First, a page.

Posts Tagged ‘calcium exchange’

The transport of molecules across membranes

Larry H. Bernstein, MD, FCAP, Curator



Cellular Transport and the Nobel Prize for Medicine

Extracted  from October 8, 2013 | by

The 2013 Nobel Prize in Physiology or Medicine was  awarded to  to Randy W. Schekman, at the University of California at Berkeley; James E. Rothman,  at Yale University in New Haven, Connecticut; and Thomas C. Südhof,  at Stanford University, for their discoveries of machinery regulating vesicle traffic, a major transport system in cells.three U.S. scientists for their work on how the cell coordinates its transport system to shuttle proteins and other molecules from one location to another.

The organization and transport of molecules across cellular mmembranes is accomplished via vesicles that shuttle cargo between organelles or fuse to other structures to release their cargo outside the cell. The vesicle transport system is critical for a variety of physiological processes, ranging from signaling in the brainto release of hormones and immune cytokines.

Schekman identified three classes of genes that control different facets of the cell’s transport system.

Vesicle fusion

This was followed by James Rothman’s discovery that a protein complex enables vesicles to fuse with their target membranes (pictured in orange above). This lock and key mechanism ensures that the vesicle fuses at the right location and that cargo molecules are delivered to the correct destination.

Also in the 1990s, Thomas Südhof was studying how nerve cells communicate in the brain. Calcium ions were known to be involved in vesicle cargo release, and Südhof searched for calcium sensitive proteins in nerve cells. He identified the molecular machinery (pictured in purple above) that responds to an influx of calcium ions (Ca2+) and triggers vesicle fusion.

Extracellular vesicles are  participate in the pathogenesis of various diseases, most notably neurodegenerative disorders, and extracellular vesicles are likely to have therapeutic applications in large-molecule drug delivery.


  1. The Nobel Prize in Physiology or Medicine 2013 – Press Release. 7 Oct 2013.
  2. Andaloussi et al. Extracellular vesicles: biology and emerging therapeutic opportunities. Nature Reviews Drug Discovery 2013 Vol: 12(5):347-357. DOI: 10.1038/nrd3978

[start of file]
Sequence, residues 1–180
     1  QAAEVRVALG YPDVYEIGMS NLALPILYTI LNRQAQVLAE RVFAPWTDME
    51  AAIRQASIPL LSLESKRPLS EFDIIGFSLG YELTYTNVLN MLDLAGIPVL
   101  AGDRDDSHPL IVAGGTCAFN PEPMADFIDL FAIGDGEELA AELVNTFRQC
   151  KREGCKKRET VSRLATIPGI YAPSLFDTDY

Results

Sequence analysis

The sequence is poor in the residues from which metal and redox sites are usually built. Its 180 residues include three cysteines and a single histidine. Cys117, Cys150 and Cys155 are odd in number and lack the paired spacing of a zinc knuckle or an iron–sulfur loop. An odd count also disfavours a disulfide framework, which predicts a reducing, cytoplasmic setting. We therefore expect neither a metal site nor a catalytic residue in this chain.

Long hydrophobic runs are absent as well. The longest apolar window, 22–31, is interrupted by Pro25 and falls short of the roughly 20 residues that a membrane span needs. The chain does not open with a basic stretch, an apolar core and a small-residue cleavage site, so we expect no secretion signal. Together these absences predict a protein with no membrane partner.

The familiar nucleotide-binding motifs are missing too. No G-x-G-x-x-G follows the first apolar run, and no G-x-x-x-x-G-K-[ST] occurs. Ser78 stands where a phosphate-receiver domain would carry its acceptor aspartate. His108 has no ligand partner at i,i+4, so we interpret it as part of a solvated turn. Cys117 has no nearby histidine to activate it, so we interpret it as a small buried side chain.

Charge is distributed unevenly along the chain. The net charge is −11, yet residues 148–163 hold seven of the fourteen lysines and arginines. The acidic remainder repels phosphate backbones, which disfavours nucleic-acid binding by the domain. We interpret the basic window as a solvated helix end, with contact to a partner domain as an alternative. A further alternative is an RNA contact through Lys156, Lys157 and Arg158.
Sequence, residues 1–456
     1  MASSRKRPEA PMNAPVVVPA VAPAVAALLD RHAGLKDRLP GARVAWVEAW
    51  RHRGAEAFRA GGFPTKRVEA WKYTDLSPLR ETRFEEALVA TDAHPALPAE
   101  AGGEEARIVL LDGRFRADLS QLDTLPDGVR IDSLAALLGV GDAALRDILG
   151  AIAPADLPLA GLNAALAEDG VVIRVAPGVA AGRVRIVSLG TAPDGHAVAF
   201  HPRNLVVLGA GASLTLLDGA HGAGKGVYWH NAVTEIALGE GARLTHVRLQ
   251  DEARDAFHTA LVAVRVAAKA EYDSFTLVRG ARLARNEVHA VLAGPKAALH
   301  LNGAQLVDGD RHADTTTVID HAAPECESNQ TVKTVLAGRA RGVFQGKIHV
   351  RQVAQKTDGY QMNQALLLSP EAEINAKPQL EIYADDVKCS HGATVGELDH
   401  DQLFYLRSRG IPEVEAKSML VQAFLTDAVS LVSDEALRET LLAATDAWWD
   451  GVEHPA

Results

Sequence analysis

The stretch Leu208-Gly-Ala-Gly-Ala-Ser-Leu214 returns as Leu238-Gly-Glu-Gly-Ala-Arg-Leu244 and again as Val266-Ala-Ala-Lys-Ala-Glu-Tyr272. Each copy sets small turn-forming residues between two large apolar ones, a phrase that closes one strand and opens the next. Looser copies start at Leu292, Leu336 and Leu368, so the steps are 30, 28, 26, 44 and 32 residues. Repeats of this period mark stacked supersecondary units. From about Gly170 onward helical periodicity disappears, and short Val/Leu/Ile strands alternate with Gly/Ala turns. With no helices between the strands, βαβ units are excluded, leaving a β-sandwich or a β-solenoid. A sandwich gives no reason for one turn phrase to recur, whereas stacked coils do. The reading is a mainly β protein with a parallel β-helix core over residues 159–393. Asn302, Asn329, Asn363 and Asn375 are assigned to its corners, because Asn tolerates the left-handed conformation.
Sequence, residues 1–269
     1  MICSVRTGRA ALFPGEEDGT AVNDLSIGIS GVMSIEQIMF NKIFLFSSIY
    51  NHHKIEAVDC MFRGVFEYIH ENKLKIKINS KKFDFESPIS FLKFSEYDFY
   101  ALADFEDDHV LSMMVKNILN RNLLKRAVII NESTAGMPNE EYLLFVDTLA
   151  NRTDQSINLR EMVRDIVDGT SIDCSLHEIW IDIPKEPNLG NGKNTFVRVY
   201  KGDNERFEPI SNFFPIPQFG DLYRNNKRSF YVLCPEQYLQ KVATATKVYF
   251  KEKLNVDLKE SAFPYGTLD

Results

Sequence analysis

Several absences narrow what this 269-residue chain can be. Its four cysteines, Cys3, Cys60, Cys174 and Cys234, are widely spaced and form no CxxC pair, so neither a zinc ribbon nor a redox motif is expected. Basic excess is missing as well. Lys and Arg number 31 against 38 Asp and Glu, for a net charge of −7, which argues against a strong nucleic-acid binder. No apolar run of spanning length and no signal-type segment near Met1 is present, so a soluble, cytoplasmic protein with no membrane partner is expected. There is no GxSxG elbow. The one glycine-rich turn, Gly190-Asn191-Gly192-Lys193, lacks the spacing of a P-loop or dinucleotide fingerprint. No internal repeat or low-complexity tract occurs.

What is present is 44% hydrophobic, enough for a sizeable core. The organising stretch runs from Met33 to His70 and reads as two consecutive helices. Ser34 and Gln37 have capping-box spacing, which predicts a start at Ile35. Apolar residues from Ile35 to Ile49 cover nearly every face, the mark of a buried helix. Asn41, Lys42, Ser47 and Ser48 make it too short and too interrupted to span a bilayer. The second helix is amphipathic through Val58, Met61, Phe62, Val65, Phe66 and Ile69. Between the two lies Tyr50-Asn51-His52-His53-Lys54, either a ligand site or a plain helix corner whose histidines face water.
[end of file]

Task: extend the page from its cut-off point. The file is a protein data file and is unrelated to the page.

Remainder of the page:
View abstract
  3. Anderson et al. Role of extracellular membrane vesicles in the pathogenesis of various diseases, including cancer, renal diseases, atherosclerosis, and arthritis. Lab Invest. 2010 Nov;90(11):1549-57. DOI: 10.1038/labinvest.2010.152. Epub 2010 Aug 30.
    View abstract


Machinery Regulating Vesicle Traffic, A Major Transport System in our Cells

Together, Rothman, Schekman and Südhof have transformed the way we view transport of molecular cargo to specific destinations inside and outside the cell. Their discoveries explain a long-standing enigma in cell biology and also shed new light on how disturbances in this machinery can have deleterious effects and contribute to conditions such as neurological diseases, diabetes, and immunological disorders.

Eukaryotic cells differ from prokaryotic cells by their more complex intracellular organization. In eukaryotes, specific cellular functions are compartmentalized into the cell nucleus and organelles surrounded by intracellular membranes. This compartmentalization vastly improves the efficiency of many cellular functions and prevents potentially dangerous molecules from roaming freely within the cell. But when distinct cellular processes are compartmentalized, a problem emerges. Different compartments need to exchange specific molecules (Figure 1). Furthermore, certain molecules need to be exported to the cell exterior. Most molecules are too large to directly pass through membranes, thus a mechanism that ensures specific delivery of this molecular cargo is required.

Figure 1: Each cell in the body has a complex organization where specific cellular functions are separated into different compartments called organelles. Molecules produced in the cell are packaged in vesicles and transported with special and temporal precision to the correct locations within and outside the cell.

Mysteries of cellular compartmentalization have long intrigued scientists. Improved light microscopy techniques aided in the understanding of intracellular organization in eukaryotic cells, but the advent of electron microscopy and new staining techniques, combined with subcellular fractionation assays using differential ultracentrifugation procedures, led to a deeper understanding of the cell’s inner life. Albert Claude, George Palade and Christian de Duve, who received the Nobel Prize in Physiology or Medicine 1974*, were pioneers in this area and have shed light on how the cell is organized and compartmentalized. Secretory proteins were shown to be produced on ribosomes in the endoplasmic reticulum (ER) and trafficked to the Golgi complex (named after the 1906 Nobel Laureate Camillo Golgi) (Figure 1). Progress was also made in deciphering how proteins find their appropriate destination. Günter Blobel was awarded the 1999 Nobel Prize in Physiology or Medicine* for his discoveries that proteins have intrinsic signals that govern their transport and localization in the cell. Yet, a lingering question remained. How are molecules, including hormones, transport proteins, and neurotransmitters, correctly routed to their appropriate destination? From the work of Palade, the traffic of secretory proteins from the ER was understood to be carried out using small membrane-surrounded vesicles that bud from one membrane and fuse with another, but how precision could be acquired in this process remained enigmatic.